Owings, a boy in my platoon has on the other hand nothing to look back to–I got some letters from his father a little while ago telling why. He was injured about a year ago, and was told by the doctor that he would be blind by this coming summer, so he broke off with the girl he was to marry in a month without telling her why–joined the Marine Corps, and has been trying to get into action ever since. His father didn’t know it and had just found it out, and wrote a heartbreaking, illiterate letter begging that I keep good care of his boy who is the only thing the father has left in the world.
Some have just been married, others leave a tangle of divorce, babies dependent on their family, but all of them have jobs and homes and someone they love. They are not afraid of what is coming, but they don’t want to miss all that Home means to them. They are not afraid of pain or death, only the lack of living–they have only begun to taste the joys of mature life.
Lots of things that I want to feel and do–lead a married life and have children, above all; Rusty taught me how much I want that–realizing ambition’s fruit of hard work–repeat the thrill of getting High Honors and the Law Journal–doing things for others; buying that watch for Daddy and seeing him cry over it–a lot of loving and living to do.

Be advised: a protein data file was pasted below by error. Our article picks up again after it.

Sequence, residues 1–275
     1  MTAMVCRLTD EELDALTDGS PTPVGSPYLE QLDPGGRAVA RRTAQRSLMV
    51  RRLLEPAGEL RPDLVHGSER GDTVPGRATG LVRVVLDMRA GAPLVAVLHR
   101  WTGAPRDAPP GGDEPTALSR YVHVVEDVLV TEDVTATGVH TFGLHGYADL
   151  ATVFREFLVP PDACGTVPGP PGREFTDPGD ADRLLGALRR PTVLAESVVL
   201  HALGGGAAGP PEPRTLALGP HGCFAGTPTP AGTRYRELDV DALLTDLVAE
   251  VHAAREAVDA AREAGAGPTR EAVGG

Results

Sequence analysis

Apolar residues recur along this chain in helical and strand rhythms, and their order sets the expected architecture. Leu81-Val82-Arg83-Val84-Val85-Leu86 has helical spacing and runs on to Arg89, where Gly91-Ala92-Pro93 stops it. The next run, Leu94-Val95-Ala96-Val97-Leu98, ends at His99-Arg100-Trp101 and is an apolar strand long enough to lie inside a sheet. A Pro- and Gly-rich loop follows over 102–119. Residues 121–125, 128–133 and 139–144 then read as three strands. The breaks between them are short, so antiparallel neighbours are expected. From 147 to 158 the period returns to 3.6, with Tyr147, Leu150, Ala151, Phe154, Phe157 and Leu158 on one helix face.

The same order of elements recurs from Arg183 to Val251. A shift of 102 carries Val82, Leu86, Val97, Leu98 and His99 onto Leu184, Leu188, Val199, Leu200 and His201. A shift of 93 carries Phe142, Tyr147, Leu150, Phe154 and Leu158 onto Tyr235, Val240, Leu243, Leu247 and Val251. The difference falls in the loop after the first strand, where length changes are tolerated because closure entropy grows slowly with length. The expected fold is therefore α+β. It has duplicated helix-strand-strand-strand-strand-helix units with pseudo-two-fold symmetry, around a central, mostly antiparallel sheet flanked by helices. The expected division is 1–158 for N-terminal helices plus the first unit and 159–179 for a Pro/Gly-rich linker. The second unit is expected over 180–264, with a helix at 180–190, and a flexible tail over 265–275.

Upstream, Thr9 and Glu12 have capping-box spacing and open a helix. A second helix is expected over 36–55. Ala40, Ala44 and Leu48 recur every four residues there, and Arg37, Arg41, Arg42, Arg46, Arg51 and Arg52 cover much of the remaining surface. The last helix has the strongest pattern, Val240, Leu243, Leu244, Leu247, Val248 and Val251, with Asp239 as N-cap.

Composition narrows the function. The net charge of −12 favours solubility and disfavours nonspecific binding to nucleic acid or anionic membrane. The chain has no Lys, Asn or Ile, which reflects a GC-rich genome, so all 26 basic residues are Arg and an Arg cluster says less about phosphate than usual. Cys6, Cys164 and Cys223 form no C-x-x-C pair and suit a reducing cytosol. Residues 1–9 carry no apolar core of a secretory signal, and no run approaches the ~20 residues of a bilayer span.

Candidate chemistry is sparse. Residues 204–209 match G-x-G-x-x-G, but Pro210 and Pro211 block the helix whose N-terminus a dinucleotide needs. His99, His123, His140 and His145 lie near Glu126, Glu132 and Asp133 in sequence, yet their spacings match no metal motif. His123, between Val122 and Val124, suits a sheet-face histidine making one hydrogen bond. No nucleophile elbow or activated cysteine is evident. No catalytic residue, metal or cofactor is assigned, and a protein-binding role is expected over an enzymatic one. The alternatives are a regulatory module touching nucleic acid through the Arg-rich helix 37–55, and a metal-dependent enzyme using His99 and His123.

We know where we’re going–there’s going to be action, and more than enough of it, and of course preparations are going apace–planning down to the last iota, and all that gives rise to all of this.
We’ve seen something of the tropics already–and I like it, if only for the fact that it is far away (remember that book that Daddy read aloud, to the tune of Aunt Allie’s blushes). As you said, Gretch, I’m pretty damned lucky in my choice of places–exotic, strangely beautiful, traditionally romantic–and hard, sharp, but short fighting.
More later; I might have a chance to get this mailed.
 Written aboard the USS DuPage, en route to the Marshall Islands. Postmarked January 28, 1944.
 Phil’s new singing group, which included Lieutenants Harry Reynolds, Ted Johnson, and Fred Stott.
 A riff on the chorus to “Moonlight Bay”:
We were sailing along on Moonlight Bay
We could hear the voices ringing, they seemed to say:
“You have stolen her heart,” “Now don’t go ‘way!”
As we sang love’s old sweet song on Moonlight Bay.
 Although Alice was evidently an important figure in Phil’s social circle–as indicated in a later letter she sent to him–few other details are known about her.
 Dale Leroy Owings was from Rock Island, Illinois. He got the action he sought on Namur and Saipan, where he was badly wounded.